This summer, Cincinnati was the host for the 37th Annual National Veterans Wheelchair Games (NVWG). Veterans from across the United States and even one team from Great Britain traveled to our city to compete in 18 adaptive sporting events such as swimming, bowling, trap shooting, basketball and quad rugby.
The games, which are co-sponsored by the Veterans Administration and Paralyzed Veterans of America, rely on thousands of volunteers to run smoothly, and 167 of those volunteers were students, coaches, former teachers, past and current parents, and alumni from Archbishop McNicholas High School. Former McNicholas teacher and NVWG volunteer coordinator Gwyn Bush as well as the McNicholas Service Club and a number of began recruiting volunteers in the spring to help with the event.
“Our team was by far the largest from any high school,” Bush said. “The McNicholas team took sole responsibility for the signing in and credentials distribution of over 3,900 volunteers between 4 a.m. and 8 p.m. each day. This was the first time ever that the competitions were not delayed due to an insufficient number of volunteers.”
In addition to their work in the volunteer center, McNicholas volunteers helped with hand cycling, bowling, track, field, trapshooting, air rifles, weightlifting, swimming, airport arrivals and departures, and baggage assistance. McNicholas volunteers wore backpacks lettered with “Veterans, Archbishop McNicholas High School has your back!” printed on them.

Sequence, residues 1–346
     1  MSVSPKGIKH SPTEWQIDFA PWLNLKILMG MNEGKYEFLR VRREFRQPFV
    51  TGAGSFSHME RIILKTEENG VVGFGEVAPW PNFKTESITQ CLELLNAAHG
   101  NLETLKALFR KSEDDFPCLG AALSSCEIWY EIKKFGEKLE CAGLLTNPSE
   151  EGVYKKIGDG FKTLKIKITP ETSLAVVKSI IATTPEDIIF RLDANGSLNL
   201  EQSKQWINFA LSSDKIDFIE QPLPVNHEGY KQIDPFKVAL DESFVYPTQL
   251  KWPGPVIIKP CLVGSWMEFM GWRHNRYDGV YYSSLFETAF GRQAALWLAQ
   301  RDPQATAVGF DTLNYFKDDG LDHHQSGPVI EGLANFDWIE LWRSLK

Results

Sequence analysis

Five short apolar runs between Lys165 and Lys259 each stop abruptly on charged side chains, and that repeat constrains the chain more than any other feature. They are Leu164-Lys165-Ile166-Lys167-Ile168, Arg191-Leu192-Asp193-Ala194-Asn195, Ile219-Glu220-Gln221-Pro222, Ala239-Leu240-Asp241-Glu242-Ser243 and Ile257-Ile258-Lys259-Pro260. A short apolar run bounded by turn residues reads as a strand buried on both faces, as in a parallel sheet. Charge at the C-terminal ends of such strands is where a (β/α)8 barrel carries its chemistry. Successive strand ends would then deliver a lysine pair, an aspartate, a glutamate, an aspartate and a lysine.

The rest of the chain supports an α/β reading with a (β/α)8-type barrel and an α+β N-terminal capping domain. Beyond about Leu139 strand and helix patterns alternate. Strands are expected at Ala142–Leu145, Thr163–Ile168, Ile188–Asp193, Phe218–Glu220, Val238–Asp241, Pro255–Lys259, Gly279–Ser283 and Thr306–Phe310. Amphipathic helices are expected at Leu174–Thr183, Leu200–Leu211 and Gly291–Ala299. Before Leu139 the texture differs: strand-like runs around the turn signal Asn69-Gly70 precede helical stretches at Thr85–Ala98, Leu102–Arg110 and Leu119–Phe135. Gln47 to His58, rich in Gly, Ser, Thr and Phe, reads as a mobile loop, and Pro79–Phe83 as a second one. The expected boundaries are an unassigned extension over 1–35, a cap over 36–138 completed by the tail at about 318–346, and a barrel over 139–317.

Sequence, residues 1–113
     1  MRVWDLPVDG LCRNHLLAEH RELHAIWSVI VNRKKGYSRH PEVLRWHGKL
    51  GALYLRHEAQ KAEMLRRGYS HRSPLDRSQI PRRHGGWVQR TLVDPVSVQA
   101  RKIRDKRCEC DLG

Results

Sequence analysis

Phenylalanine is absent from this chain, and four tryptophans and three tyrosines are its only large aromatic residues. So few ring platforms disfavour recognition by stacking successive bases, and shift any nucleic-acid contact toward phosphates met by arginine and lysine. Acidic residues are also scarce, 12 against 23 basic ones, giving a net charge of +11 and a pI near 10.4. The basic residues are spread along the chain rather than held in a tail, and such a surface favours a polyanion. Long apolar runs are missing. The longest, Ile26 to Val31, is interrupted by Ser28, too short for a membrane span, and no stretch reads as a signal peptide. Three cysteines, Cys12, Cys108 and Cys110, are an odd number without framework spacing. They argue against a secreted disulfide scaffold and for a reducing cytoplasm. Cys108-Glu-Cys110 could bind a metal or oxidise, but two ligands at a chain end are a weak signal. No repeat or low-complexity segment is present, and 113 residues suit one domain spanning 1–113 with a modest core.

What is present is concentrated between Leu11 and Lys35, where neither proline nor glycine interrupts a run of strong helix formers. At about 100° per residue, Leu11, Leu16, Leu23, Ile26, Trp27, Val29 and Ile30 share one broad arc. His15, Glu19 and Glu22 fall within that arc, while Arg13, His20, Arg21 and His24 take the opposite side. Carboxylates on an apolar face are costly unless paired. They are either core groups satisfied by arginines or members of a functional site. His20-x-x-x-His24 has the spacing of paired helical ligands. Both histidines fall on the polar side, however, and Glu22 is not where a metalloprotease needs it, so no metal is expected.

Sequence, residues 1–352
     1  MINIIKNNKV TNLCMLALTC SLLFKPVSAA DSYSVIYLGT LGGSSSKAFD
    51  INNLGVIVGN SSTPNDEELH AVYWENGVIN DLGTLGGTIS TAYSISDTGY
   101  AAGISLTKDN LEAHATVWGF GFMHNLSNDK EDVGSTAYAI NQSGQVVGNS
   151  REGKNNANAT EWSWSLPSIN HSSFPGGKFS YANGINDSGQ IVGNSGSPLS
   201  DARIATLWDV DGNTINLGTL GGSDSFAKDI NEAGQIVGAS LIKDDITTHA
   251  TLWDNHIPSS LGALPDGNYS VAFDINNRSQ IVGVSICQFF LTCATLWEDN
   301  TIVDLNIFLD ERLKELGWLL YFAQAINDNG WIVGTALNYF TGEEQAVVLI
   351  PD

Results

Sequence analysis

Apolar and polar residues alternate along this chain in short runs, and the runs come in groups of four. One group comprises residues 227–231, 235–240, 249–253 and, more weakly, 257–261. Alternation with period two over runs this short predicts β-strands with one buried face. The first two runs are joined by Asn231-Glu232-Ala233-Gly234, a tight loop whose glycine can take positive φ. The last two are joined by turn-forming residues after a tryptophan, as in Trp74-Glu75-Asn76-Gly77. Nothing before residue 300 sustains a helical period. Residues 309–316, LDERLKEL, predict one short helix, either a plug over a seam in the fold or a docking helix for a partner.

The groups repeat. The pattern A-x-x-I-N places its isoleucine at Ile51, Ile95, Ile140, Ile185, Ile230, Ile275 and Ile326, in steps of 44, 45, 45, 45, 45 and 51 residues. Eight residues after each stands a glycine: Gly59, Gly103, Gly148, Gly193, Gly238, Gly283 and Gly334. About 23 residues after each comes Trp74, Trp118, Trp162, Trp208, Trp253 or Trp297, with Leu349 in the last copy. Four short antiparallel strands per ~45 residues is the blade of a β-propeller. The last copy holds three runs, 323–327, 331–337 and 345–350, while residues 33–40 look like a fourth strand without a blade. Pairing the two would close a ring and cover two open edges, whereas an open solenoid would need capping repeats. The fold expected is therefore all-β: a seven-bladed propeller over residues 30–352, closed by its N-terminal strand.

Senior Alex Ballou volunteered over 60 hours throughout the games in different capacities. One of his most memorable experiences was when he helped Aadrina Bailey, one of the athletes pictured on the NVWG promotional poster this year. Bailey is from Washington D.C. and has been competing since 1997. She took the gold medal in bowling this year with Ballou by her side.
“Aadrina was doing okay for the first half of her first game. I was just following her instructions as far as how to adjust the ramps,” Ballou said. “Around the 6th frame, Aadrina asked me how I thought we could adjust the ramp. After that, we were very successful, and she asked my opinion on every roll. I was basically her bowling caddy!”
Over 500 paraplegic and quadriplegic athletes from the United States and Great Britain competed in a minimum of three and a maximum of five events, lending new perspectives to old notions of sports, competition, and athlete. “We saw veteran after veteran living life fully, without limits, in spite of their confinement to their chairs,” Bush said. “We were in awe of their amazing patience and their warm camaraderie.”
The spirit of generosity that is the hallmark of the McNicholas community manifested itself whether it was one person who wanted to help with an event, a trio of veterans who graduated from McNicholas the same year, or our entire current football team. “The encouragement and respect our volunteers showed the athletes and their families was a great testimony to the core value of service throughout the entire Archbishop McNicholas High School community,” Bush said. “Thank you, each and every volunteer.”